Shopping Cart


Shopping Cart


view cart

Blog Article

A tourist’s guide to Cuba’s dual currency system

posted in Calforex Blog

cuba-1638594_1920Visiting Cuba for the first time? Lucky you! A little confused about their dual currency system? Here is a rundown on what you should know to get you on your way to a great vacation.

The two currencies used in Cuba are the Cuban peso (CUP or moneda nacional) and the Cuban convertible peso (CUC). The first is the currency in which Cubans are paid from the state and is used to buy staple goods and non-luxury items like groceries from government-run stores. The second currency in use – introduced in 2004 to replace the US dollar after it was pulled from circulation in Cuba – is used mainly for tourists and to purchase luxury items sold in privately-run businesses. That is not to say that you cannot use CUP, but the majority of your purchases will be done with CUC. Tipping is also always done in CUC. Locals use also CUC to buy items not available for purchase through CUP.

Neither of the Cuban currencies trade internationally, therefore you cannot buy them outside of Cuba. By the same token, you must exchange them back before you leave as they are worthless outside of the country (and they’re not technically supposed to be taken out either). According to wikitravel,  “…as of July 2016, the only available currencies to convert from CUC at the airport were USD and the Euro.” So if you want to receive Canadian dollars back from any leftover pesos, you should do it before heading to the airport.

Canadian dollars are easily traded for CUC at the airport, bank, or cadeca (exchange bureau). You will need your passport and the bills must be in good condition. Coins are not accepted, including loonies and toonies. Exchange rates are set by the Cuban government and there is a standard 3% surcharge for an exchange on any currency. You can also exchange money at your hotel or resort, but you will likely pay a higher price for the transaction there.

The CUC is pegged to the United States dollar (USD), meaning that 1 USD = 1 CUC. For Canadians, that means that the exchange rate to buy CUC is essentially the same as it would be if you were to buy USD. In other words, 1 CAD = 0.74 USD, and 1 CAD = 0.74 CUC (at the time this article was written), not including the 3% surcharge. Exchanges made from USD are subject to an additional 10% tax on top of the 3%. So after the surcharge and tax, 1 USD is actually equal to 0.87 CUC and 1 CAD ends up being about 0.71 CUC. Just to be clear, although 1 CAD doesn’t get you as many pesos as 1 USD, it is still cheaper to pay in Canadian dollars. This is because you would first have to buy the USD, pay the 10% tax, and make two conversions.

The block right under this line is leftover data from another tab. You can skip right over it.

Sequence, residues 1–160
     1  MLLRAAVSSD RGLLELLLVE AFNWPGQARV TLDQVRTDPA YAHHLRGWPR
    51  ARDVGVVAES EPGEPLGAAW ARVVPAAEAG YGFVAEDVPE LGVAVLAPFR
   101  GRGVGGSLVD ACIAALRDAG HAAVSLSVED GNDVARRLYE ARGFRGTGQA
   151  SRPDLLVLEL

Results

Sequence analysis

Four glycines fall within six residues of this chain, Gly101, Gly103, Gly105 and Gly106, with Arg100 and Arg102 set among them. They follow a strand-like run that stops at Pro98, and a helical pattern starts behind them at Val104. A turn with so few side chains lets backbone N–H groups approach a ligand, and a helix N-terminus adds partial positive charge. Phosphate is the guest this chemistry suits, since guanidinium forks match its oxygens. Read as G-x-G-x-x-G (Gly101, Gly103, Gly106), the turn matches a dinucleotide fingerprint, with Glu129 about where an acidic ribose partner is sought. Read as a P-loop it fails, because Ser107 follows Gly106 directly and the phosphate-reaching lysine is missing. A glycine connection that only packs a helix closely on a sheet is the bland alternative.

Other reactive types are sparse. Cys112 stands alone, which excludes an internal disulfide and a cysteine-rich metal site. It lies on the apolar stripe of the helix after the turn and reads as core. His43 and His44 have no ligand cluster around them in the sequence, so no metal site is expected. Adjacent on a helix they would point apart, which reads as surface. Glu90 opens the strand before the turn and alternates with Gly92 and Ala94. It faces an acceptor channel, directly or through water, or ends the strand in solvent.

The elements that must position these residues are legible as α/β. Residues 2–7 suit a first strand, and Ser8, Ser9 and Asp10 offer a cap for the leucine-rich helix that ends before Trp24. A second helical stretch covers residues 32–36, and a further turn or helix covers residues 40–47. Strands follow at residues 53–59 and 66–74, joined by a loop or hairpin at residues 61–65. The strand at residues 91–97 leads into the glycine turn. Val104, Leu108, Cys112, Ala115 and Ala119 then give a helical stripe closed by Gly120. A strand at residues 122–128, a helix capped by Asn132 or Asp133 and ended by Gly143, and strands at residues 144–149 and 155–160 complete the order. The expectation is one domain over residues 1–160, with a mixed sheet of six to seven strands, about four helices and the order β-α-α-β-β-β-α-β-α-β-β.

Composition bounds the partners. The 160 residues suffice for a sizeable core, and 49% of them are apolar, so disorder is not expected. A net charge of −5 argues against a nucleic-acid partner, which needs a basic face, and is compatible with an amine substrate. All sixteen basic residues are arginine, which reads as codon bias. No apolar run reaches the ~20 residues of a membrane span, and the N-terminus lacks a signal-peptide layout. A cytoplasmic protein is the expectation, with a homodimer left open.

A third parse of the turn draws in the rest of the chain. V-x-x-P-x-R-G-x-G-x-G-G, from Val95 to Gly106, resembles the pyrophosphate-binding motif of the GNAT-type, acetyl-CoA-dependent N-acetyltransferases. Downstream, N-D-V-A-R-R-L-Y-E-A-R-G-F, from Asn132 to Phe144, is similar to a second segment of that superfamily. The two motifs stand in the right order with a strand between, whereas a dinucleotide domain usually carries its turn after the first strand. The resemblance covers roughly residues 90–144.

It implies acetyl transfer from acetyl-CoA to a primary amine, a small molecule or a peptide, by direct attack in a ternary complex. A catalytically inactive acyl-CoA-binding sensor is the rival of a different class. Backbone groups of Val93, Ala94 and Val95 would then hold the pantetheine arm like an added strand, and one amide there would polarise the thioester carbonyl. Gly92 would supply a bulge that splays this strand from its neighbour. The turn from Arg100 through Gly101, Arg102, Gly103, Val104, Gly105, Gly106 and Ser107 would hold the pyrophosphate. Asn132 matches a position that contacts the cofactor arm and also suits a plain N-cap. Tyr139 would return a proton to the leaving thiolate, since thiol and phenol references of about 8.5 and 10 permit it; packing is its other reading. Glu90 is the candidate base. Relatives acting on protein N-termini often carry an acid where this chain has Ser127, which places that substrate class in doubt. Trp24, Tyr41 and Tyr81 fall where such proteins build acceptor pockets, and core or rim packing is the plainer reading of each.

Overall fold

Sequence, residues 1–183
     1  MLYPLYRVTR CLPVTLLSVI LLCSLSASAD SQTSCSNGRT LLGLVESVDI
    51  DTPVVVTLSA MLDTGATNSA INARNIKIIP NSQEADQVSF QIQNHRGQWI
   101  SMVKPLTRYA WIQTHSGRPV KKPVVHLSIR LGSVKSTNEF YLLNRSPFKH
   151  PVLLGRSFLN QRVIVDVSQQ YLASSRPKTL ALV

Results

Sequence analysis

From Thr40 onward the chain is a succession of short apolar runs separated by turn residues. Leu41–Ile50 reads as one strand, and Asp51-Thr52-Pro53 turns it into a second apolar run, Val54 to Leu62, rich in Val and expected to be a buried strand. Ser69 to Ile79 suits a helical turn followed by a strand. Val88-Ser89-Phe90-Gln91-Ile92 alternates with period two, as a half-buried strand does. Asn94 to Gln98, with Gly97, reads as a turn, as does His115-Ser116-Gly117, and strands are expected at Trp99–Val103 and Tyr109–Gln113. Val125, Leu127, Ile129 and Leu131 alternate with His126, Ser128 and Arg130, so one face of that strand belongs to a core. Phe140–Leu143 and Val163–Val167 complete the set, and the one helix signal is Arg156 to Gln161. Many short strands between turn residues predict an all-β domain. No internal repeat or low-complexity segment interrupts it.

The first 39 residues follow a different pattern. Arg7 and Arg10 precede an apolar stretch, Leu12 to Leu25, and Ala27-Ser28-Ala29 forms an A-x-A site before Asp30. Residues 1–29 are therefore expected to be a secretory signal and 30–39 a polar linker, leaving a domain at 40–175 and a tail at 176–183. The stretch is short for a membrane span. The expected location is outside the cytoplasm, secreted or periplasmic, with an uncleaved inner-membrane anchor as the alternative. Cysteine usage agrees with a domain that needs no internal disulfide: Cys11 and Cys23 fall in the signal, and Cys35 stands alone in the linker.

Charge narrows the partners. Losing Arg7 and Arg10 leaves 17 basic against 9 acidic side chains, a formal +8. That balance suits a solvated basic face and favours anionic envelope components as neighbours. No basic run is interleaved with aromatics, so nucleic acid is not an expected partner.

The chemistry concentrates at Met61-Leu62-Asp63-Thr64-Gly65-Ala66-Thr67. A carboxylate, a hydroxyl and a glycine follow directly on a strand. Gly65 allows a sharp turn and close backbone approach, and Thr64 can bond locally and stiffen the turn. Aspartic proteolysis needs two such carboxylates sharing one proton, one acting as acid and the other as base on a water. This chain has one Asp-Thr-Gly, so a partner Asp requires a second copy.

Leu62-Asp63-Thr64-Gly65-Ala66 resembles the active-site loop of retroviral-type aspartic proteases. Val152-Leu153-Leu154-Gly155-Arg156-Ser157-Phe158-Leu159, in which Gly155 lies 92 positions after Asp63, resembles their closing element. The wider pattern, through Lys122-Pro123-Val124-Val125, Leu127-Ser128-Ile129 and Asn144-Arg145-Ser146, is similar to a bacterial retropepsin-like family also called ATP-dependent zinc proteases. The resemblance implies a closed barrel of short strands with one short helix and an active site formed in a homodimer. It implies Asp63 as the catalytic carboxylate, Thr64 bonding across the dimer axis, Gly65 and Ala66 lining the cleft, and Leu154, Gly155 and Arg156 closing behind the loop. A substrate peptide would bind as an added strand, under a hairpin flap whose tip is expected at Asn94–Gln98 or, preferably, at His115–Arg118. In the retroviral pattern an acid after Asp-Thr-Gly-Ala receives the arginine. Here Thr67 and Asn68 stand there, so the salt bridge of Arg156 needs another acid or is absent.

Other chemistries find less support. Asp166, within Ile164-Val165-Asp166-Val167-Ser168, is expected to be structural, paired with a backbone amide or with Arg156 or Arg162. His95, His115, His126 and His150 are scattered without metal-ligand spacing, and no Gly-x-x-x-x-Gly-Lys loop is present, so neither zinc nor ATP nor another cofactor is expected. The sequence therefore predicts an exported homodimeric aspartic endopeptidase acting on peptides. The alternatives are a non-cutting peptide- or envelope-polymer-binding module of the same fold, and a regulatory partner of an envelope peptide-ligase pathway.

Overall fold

As mentioned earlier, the majority of tourists visiting Cuba will only ever use CUC. This is because anything outside of staple goods as well as most restaurants, bars, and night clubs all require CUC. Goods available for purchase in CUP have government-controlled prices and tend to be lower quality. Basically, the CUC has better buying power and there are a limited number of things you can buy with CUP. However, it can be handy to carry some around with you for things like street food, or if you’re going off the beaten track. You can purchase CUP at the bank or exchange bureau. The exchange is about 1 CAD = 16 CUP and 1 CUC = 23 CUP (at the time this article was written), which includes the surcharge. Although the market exchange for pesos is as such, the government considers 1 CUP = 1 CUC. So sometimes you will see prices listed 1:1 and other times it will be 1:23.

Cuba is a cash-based society, so the majority of your purchases will be made in cash. Only places like major hotels accept credit cards. Although things are slowly changing, bank machines are not as prevalent in Cuba as they are in North America, so keep that in mind when you are deciding how much cash to bring with you. Make sure to notify your bank of your intended travel plans before you go to avoid having your bank card frozen.

Related: Safety tips for carrying cash while on vacation

Finally, make sure that you know what the two currencies look like and always check your change. You could get scammed by receiving the less-valuable CUP back in change when paying in CUC. Click here to see what CUP looks like and click here to see what CUC looks like. Have a calculator handy to know how much you should be getting when making a money exchange and ask for a receipt. Never exchange your money on the street. Happy travels!

30 Nov, 16